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The In’s and Out’s of Jury Duty

When people think about jury duty, they often think about an untimely and aggravating necessity that disrupts their daily schedule. For some, it can be more than an annoying disruption, it can also cause financial hardships. While your employer cannot fire you for serving on a jury, they are not required to pay you for this time spent away from the job. The State of Minnesota only, for example, compensates jurors $10-$20 a day, 27 cents/mile, along with a small stipend for childcare. This can present a significant burden for a family. So with all of these potential drawbacks, why would someone want to serve on a jury?
The reality is that whether or not you want to serve on a jury, you likely will at some point. There isn’t a lot you can do to avoid jury duty. Names are randomly pulled from State IDs, licenses, buying a home or filing a tax return. Ignoring jury duty or refusing to show up can result in consequences such as large fines and even jail in some cases.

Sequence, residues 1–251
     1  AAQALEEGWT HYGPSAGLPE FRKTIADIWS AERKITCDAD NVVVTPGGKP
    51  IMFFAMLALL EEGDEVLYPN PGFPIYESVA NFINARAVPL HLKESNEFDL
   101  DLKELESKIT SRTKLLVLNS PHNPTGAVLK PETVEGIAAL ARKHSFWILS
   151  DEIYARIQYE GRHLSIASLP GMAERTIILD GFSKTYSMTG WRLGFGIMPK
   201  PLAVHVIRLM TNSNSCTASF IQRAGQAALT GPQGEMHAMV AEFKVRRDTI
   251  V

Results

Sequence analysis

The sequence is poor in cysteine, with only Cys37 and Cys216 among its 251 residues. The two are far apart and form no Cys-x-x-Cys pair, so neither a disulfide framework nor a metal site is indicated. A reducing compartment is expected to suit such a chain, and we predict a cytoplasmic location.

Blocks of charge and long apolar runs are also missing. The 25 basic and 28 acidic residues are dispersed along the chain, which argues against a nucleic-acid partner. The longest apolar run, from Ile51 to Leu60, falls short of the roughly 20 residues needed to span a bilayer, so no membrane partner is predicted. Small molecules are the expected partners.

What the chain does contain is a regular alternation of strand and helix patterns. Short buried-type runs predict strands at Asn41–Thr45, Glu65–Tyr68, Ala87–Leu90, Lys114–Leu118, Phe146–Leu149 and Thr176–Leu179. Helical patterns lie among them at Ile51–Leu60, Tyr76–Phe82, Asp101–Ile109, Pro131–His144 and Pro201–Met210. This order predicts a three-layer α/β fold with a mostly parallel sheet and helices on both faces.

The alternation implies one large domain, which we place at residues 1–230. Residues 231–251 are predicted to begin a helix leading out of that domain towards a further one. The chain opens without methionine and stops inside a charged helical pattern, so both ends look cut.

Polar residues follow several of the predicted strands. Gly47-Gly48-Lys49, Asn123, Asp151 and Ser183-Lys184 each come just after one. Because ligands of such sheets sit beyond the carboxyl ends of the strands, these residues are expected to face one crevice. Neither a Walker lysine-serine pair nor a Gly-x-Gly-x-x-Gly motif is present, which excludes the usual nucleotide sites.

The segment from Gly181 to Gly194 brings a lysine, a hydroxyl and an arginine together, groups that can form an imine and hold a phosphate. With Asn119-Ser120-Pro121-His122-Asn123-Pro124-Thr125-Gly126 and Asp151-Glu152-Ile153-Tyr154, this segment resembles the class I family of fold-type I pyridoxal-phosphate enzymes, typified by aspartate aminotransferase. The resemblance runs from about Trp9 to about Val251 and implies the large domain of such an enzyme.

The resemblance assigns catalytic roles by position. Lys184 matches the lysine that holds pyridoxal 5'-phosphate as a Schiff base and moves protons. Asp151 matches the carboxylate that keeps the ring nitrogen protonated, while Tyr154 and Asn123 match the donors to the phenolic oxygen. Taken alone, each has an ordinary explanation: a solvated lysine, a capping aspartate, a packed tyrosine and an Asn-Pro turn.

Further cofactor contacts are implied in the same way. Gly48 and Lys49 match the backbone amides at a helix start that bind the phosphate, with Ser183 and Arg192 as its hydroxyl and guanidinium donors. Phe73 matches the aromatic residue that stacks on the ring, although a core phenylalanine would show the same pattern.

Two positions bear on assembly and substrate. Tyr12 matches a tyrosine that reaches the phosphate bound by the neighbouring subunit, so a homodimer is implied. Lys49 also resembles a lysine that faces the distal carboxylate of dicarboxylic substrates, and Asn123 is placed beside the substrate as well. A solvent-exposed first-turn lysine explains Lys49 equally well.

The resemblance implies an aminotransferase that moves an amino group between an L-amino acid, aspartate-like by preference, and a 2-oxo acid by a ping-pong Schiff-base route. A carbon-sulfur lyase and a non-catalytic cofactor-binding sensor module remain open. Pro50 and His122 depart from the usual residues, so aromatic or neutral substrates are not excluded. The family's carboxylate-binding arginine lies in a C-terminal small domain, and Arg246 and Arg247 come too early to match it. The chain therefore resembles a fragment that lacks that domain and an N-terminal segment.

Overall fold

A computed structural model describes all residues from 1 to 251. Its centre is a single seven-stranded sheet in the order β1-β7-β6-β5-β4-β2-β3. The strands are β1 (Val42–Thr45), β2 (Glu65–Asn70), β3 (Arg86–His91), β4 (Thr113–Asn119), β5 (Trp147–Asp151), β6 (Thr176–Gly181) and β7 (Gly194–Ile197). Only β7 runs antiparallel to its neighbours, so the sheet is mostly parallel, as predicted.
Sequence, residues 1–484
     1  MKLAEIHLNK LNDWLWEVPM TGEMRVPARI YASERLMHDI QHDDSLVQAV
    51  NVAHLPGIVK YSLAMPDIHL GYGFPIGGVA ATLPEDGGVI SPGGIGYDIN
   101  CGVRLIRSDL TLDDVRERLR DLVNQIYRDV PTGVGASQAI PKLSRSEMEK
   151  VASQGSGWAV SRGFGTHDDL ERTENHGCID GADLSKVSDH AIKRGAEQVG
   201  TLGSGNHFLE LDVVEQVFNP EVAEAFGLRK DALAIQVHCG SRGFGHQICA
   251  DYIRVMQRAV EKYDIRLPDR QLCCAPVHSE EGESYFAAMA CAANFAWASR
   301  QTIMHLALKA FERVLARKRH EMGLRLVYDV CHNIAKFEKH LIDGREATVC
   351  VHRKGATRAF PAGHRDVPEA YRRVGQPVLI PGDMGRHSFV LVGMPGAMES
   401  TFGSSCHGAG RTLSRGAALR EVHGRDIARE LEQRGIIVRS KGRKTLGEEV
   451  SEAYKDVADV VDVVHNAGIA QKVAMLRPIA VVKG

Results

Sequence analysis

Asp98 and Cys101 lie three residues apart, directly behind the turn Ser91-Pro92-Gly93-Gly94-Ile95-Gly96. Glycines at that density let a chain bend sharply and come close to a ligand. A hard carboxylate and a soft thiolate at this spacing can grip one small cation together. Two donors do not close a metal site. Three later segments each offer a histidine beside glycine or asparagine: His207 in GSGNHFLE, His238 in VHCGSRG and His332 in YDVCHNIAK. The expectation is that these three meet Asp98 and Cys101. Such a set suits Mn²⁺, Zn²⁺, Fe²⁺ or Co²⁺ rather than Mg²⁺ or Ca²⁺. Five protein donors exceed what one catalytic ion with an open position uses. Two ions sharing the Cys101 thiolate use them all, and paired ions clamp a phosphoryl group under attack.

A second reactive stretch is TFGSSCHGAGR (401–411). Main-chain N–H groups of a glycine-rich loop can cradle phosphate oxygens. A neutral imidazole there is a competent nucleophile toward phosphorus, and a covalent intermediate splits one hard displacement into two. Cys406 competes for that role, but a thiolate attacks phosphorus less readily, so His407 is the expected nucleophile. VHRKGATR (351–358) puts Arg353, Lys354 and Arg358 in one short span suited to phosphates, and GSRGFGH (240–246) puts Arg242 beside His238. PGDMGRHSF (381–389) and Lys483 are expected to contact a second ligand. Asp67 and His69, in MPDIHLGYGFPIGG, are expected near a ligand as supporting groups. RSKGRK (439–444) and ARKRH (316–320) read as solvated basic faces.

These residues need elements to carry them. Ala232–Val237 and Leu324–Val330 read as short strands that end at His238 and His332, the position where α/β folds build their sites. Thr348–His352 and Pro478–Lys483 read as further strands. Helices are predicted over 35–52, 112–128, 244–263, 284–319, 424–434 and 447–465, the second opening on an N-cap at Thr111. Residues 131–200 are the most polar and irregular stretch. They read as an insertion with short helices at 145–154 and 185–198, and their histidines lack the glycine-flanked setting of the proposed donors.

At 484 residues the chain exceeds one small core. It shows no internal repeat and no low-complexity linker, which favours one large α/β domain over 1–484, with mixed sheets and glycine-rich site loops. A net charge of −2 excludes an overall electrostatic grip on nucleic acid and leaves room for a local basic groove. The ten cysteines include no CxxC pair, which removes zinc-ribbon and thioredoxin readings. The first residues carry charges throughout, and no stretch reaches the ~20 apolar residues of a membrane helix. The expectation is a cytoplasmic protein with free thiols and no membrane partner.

You should know that there are a few exceptions that exempt a citizen from serving on a jury. For example, when there is a hardship, or a significant cause that could prevent a potential juror from giving an honest and objective opinion. Also, active duty members of the U.S. Armed Forces are exempt along with members of a professional fire or police department, or public officers who are actively engaged in the full-time performance of public duties. Also it should be noted that scheduled vacations and prior commitments will be honored, and will often be the basis for permission to report on a later date.So for those of us who are still required to serve on a jury, how can we make the most of this time? We should try to remember that serving on a jury is a civic duty and an exciting opportunity to learn about the legal system. Without jurors, our legal system fails. In order to make the most of our time on a jury, (it can last from a few days to a few weeks) we should do our best to engage in the process. The best way to engage in the process is by paying attention. The judge will walk jurors through the process and give them clear instructions. As long as jurors are listening and paying attention, they will be able to fully engage. After the trial is over, jurors are expected to reach a verdict, which could take a few hours or a few days, or even longer. Many people believe that every jury must come to a unanimous decision, which is not always the case. It is important to remember that jurors are not allowed to have outside contact with anyone involved in the case. Jurors will have a lot of down time, so make the most of it and bring along a good book! 

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